- why we need a separate competency statute for youth;
- what the statutory language should look like;
- which stakeholders you need at the table;
- roadblocks -- e.g., how to handle remediation;
- guidelines for competency assessments;
- paying for assessments; and
- the role of families.
The presentation drew on a guide to developing competency statutes from Models for Change and summarized in this NJJN policy update, "Competency to Stand Trial in Juvenile Court: Recommendations for Policymakers.”
Kimberly Larson, Ph.D., J.D., Assistant Professor, University of Massachusetts Medical School, lead author of Developing Statutes for Competence to Stand Trial in Juvenile Delinquency Proceedings: A Guide for Lawmakers
Michelle Weemhoff, MSW, Associate Director at the Michigan Council on Crime and Delinquency.
To listen to the presentation, click here.
Children's Law Center's "Spolight on Youth" Radio Show: Competency Standards in Delinquency Proceedings
Date Posted: July 12, 2013
The concept of whether one is competent to stand trial is commonly understood as applied to adults in criminal court proceedings. When it comes to kids who face delinquency petitions, the concept becomes less clear due in part to the issue of age but also due to mental illness, intellectual disabilities, and developmental immaturity. All these factors can impact juvenile competency and the ability to "restore" a child to competency in a time frame that falls within the juvenile court's jurisdiction. As research continues to emerge about youth, their development, and elements that contribute to delinquency, states are responding by creating or amending competency tests or standards for juvenile courts to use. In this episode, guests discuss trends across the United States and share lessons learned around the development and implementation of competency standards for delinquency proceedings in juvenile court.
Doug Althauser, Attorney, Douglas Althauser Law
Kimberly Larson, Assistant Professor, University of Massachusetts Medical School, lead author of Developing Statutes for Competence to Stand Trial in Juvenile Delinquency Proceedings: A Guide for Lawmakers
Anne Teigen, Senior Policy Specialist, National Conference of State Legislatures
To listen to the show, go to Spotlight on Youth.
Date Posted: April 29, 2013
Whether your agency or jurisdiction is trying to choose the right risk assessment tool, or it already has one in place, you'll find this webinar from the National Juvenile Justice Network (NJJN) helpful. Dr. Gina M. Vincent, leading author of Risk Assessment in Juvenile Justice: A Guidebook for Implementation, published in 2012 by Models for Change, gives an overview of the guide and how your jurisdiction can use it to do a better job of identifying youth needs and collecting hard clinical data to aid in resource planning.
To listen to this webinar, go to the NJJN News Center.
Children's Law Center's "Spolight on Youth" Radio Show: The Role of Risk Assessments and Juvenile Justice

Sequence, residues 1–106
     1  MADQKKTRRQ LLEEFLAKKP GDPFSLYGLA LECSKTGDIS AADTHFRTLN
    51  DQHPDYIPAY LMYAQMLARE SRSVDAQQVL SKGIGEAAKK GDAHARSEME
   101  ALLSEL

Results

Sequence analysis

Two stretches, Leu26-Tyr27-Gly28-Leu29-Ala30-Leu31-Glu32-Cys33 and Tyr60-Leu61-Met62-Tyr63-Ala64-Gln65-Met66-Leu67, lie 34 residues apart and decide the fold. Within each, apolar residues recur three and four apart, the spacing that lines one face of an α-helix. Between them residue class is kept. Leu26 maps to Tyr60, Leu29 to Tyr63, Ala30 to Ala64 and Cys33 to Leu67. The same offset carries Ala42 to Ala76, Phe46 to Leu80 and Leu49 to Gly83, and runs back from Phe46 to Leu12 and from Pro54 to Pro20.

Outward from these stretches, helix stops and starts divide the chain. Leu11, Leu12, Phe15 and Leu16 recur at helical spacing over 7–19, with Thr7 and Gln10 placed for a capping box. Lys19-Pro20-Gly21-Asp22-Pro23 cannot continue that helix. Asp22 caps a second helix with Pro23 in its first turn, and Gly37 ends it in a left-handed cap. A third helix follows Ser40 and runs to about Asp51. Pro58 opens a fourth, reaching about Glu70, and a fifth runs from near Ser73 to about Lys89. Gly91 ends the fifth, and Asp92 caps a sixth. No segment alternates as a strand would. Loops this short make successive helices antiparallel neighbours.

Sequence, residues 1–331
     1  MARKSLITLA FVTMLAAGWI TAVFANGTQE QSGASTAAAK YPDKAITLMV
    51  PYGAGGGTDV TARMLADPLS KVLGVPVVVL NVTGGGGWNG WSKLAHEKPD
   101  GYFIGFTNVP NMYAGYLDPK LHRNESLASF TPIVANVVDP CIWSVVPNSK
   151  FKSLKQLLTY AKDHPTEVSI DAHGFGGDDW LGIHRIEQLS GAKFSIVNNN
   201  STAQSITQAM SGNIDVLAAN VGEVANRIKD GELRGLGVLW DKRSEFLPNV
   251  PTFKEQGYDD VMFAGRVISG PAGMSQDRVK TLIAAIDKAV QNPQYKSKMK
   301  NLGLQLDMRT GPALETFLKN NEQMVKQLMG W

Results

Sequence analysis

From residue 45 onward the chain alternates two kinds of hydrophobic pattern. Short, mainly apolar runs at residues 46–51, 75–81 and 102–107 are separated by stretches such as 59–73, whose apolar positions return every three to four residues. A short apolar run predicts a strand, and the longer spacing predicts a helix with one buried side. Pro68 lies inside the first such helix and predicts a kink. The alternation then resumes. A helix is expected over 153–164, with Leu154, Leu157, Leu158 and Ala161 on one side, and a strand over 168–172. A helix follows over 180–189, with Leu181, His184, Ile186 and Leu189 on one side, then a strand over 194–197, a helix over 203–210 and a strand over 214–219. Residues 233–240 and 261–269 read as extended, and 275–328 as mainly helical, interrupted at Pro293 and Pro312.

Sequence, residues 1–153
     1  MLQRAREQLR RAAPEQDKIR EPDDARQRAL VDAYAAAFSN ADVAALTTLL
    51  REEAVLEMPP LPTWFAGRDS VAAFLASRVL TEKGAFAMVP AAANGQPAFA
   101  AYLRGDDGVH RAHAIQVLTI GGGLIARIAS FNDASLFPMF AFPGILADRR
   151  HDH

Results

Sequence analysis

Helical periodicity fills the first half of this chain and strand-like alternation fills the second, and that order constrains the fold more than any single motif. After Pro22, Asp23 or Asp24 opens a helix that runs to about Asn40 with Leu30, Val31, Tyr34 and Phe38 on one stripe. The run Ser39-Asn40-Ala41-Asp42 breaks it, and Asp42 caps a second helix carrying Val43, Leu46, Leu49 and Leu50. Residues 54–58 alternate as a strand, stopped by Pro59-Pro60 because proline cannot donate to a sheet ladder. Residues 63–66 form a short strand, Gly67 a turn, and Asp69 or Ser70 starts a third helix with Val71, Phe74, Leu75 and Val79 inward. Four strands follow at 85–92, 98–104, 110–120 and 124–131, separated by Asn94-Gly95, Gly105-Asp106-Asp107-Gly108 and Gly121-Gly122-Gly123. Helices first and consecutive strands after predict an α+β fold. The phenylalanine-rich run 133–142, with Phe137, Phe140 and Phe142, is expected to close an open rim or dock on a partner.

Date Posted: April 8, 2013
Risk assessments have grown in popularity as a way to determine the risk and treatment needs of youth. These assessments when properly performed can promote youth potential and increase public safety by helping craft holistic and individual responses for kids that are involved in juvenile court. This episode of Spotlight on Youth focuses on research-based risk assessments and a new publication on that subject, Risk Assessment in Juvenile Justice: A Guidebook for Implementation.
Elizabeth A. Fritz, Chief Juvenile Probation Officer, Lehigh County, PA
Mary Ann Scali, Deputy Director, National Juvenile Defender Center
Gina M. Vincent, Ph.D., Co-Director, National Youth Screening and Assessment Project
To listen to the show, go to Spotlight on Youth.
Screen to Save: Youth Assessment Conserves Resources and Improves Outcomes for Youth
Date Posted: January 28, 2013
“Risk for re-offending assessment tools can help juvenile justice systems use their resources more wisely while making better decisions for kids,” said Gina Vincent, Ph.D., Co-Director of the National Youth Screening & Assessment Project (NYSAP). “Every jurisdiction in which we tested our screening tool made changes in how they did business that helped conserve resources, without any quantitative consequence to public safety or increased risk for reoffending.”
Click here to read the rest of this Models for Change newsroom article.
VIDEO: Gina Vincent teaches youth risk assessment to national juvenile justice agencies.
Date Posted: January 18, 2013
Issue Brief: Mental Health Screening in Juvenile Detention Facilities
Date Posted: October 10, 2012
The Children's Defense Fund - Ohio and the Children's Law Center, Inc. are collaborating to continue raising awareness and support for juvenile pretrial detention reform in Ohio. Among these efforts is a focus on the need for early mental health screening for youth who enter detention centers to identify youth in need of immediate mental health care through the use of validated screening tools. The Mental Health Screening in Juvenile Facilities issue brief outlines the need for mental health screening in detention centers, and supports the use of validated screening tools and provision of confidentiality to youth undergoing screening to ensure effective screening and treatment of youth.